• Homefront begins with Robert Jacobs being arrested by North Korean forces in his apartment and forced onto a bus that travels through a warzone (complete with images of families being gunned down on the street in front of their children and prisoners being marched into other buses).
  • In Soldier of Fortune II, the first level after the prologue mission in Prague takes you on a tour of the Shop headquarters, which becomes a battleground in the game's final mission.
  • Perfect Dark features the Carrington Institute. It houses the game's tutorials, as well as a shooting range, and is accessible at any time from the main menu. Later in the game, it must be defended from dataDyne.
  • Dishonored starts you off on a boat... all you can do is look around and listen to exposition, until you get to your destination. Once you have control, you meet the characters (The Spymaster, the Leader of the army, the Empress, and her daughter Emily), get a mini stealth tutorial, a fighting tutorial, and then the game begins.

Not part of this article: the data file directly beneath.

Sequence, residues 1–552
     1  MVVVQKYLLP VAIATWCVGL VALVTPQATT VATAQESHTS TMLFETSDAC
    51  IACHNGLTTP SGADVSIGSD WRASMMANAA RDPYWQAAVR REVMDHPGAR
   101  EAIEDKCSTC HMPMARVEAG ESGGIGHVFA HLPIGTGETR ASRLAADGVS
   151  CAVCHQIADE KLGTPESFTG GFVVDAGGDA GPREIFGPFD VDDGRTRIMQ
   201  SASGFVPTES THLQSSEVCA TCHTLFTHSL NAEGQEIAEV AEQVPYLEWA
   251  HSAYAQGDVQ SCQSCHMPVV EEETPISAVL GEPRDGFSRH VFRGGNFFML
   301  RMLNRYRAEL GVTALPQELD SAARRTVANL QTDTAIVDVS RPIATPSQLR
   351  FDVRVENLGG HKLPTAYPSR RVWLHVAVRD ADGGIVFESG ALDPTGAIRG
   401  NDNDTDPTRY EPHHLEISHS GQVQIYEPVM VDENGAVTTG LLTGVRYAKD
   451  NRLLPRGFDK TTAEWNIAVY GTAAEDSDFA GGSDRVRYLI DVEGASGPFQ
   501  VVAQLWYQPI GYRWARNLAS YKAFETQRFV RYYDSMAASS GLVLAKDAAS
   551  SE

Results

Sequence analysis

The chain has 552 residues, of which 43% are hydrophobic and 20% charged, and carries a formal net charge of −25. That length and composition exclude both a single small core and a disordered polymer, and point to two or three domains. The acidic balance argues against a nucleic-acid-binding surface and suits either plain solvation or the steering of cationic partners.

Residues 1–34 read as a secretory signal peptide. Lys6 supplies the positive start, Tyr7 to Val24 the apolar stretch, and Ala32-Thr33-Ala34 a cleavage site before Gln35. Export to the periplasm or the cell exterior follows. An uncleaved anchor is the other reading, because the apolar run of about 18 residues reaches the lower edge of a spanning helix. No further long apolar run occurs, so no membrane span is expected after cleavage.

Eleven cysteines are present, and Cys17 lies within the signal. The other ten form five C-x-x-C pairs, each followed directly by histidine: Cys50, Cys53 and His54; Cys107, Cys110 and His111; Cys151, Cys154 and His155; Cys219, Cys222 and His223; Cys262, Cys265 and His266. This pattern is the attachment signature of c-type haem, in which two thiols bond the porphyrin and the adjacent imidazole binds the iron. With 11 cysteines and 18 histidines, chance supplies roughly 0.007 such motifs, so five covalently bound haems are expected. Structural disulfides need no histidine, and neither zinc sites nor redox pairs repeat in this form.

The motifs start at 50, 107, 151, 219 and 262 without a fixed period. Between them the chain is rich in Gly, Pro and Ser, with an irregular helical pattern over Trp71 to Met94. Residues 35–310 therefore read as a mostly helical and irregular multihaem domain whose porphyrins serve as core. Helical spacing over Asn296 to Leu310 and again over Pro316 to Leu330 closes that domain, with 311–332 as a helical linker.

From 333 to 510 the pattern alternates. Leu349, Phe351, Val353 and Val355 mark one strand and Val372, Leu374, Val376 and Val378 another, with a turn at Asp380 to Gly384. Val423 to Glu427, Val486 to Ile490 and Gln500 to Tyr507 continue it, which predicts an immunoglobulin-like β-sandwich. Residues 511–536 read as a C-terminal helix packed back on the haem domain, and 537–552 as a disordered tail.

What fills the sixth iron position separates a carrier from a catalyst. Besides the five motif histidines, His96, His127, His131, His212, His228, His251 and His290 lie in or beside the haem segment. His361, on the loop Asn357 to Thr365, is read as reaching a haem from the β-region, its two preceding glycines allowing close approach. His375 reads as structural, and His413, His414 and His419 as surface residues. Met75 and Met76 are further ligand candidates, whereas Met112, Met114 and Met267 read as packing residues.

• Quake IV
    • In the first mission, Matthew Kane takes a short stroll through a Strogg building before the actual combat begins.
    • A Drop Pod assault at the start of Data Storage Terminal, kicking off the final act of the game: The player character Kane has a rough landing when another pod catches fire from Anti-Air and clips his pod, leading to the pod crashing through multiple rooms in the tower landing zone.
  • Star Wars: Republic Commando: Your arrival on Geonosis, as well as Kashyyyk.

  • Slender: The Arrival begins with Lauren walking through the autumn woods to meet Kate, the protagonist of the first game. It'd be quite relaxing if it weren't for the eerie music and unnaturally-fast nightfall.

    Massively Multiplayer Online Role-Playing Game